Jeune Femme‘s protagonist Paula isn’t just a character, in her struggles and self-discoveries we can recognise ourselves. After being left by her long time boyfriend Joachim, Paula steals his cat and wanders the streets of Paris making new friends, trying to patch things up with her mother, seeking for a job, and attempting to figure herself out. When she finds out about her pregnancy, she has to decide whether to return to Joachim who has crawled back to her life, or pursue the newly found independence.
The director Léonor Serraille successfully communicates the psychological state of the heroine through close-ups. It appears to be a new trend to follow young female leads as they go about their daily struggles with a close-up camera. If anything, this makes for a great character study, and allows the facial expressions to tell their own story – one perhaps more truthful than conveyed by action and dialog. Paula’s story is uplifting and motivating for young girls, like myself, and shows us that despite the situation, there is nothing we can’t do. Throughout the course of the narrative, Paula goes through immense character development, she becomes more independent and learns to assert herself. She learns how to have the final say, no matter what others are telling you.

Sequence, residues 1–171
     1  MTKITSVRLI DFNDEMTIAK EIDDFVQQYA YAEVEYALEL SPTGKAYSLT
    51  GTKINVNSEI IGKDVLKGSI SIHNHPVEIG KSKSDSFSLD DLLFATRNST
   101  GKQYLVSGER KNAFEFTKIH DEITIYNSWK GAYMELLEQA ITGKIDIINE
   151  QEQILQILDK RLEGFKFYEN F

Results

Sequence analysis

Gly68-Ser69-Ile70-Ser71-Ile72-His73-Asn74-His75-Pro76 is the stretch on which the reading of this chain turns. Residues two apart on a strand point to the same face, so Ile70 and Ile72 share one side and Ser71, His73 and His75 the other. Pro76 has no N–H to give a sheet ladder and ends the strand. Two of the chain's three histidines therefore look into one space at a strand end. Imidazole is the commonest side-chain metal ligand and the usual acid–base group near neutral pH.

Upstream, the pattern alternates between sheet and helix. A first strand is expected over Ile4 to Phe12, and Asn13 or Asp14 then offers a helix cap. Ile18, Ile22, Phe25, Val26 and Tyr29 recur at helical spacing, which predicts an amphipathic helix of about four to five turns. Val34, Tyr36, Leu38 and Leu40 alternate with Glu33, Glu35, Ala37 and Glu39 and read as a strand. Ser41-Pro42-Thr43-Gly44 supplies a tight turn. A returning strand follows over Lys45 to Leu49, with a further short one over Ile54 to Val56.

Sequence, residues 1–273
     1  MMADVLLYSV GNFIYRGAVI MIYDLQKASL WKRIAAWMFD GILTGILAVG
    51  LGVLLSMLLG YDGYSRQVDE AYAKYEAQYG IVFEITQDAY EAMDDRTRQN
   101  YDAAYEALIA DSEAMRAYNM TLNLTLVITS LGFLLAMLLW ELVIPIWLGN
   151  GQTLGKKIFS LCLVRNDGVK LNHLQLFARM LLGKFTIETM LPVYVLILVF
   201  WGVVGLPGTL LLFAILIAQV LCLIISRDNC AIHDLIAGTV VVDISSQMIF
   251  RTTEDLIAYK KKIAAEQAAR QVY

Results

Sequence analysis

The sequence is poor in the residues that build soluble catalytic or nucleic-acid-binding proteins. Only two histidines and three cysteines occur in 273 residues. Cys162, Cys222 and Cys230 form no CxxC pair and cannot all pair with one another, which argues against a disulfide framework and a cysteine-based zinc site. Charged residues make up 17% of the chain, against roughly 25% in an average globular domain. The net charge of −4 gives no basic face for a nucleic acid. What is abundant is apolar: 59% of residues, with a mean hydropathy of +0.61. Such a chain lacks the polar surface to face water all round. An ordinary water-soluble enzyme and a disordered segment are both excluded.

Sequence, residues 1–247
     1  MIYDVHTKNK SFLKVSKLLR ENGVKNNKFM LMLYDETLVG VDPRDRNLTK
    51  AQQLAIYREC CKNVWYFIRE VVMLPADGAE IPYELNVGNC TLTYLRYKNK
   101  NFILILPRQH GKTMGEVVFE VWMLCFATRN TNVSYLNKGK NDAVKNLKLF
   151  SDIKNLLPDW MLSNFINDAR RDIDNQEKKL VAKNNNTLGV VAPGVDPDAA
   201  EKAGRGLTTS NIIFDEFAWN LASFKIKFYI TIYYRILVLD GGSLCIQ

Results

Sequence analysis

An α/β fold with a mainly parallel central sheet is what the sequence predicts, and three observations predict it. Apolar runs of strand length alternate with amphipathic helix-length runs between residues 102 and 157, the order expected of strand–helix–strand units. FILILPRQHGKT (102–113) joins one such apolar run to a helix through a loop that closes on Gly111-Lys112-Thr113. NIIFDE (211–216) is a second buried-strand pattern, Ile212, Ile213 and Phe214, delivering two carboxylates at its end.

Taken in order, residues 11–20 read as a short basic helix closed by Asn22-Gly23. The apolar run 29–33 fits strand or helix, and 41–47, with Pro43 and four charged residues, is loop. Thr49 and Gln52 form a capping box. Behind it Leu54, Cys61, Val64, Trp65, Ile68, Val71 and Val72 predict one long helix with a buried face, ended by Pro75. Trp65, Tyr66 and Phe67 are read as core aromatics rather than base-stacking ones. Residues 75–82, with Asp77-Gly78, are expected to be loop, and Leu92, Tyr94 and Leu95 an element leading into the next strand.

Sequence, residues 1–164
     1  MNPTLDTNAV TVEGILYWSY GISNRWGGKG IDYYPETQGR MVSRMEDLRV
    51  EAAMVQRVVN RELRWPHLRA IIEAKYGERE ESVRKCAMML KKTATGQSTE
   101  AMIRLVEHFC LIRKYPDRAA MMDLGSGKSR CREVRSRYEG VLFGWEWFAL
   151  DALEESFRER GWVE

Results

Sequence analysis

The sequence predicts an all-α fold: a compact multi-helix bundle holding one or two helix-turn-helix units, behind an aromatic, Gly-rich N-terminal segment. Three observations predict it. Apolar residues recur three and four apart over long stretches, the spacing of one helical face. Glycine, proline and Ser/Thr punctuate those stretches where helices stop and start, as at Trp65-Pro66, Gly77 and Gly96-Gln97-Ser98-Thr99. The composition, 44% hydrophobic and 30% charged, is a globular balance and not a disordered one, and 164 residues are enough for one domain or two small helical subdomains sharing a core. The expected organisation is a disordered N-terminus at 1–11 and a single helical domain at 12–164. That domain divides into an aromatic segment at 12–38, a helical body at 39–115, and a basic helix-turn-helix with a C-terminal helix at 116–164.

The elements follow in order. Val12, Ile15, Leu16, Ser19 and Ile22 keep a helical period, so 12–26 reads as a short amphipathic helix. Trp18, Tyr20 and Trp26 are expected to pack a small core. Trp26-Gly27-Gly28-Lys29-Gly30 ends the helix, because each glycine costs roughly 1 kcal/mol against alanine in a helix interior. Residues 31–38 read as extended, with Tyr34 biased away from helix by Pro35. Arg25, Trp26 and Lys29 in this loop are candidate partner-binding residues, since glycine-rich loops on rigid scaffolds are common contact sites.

Nevertheless the story of the film might be slightly boring for the adult audiences, but Laetitia Dosch’s performance as Paula saved the film from falling into total impassivity, and is quite spectacular on its own. The snappy editing and the melancholic and jazzy score by Julie Roué emphasise Dosch’s performance and Paula’s combat against the world that appears oblivious of her existence. Jeune Femme is a light and entertaining watch, pleasant in its execution, and will leave you to exit the screening room with a tad more self-determination and fearlessness.
Dir: Léonor Serraille
Scr: Léonor Serraille
Cast: Laetitia Dosch, Souleymane Seye Ndiaye,Grégoire Monsaingeon
Prd: Sandra da Fonseca
DOP: Emilie Noblet
Music: Julie Roué
Run Time: 97min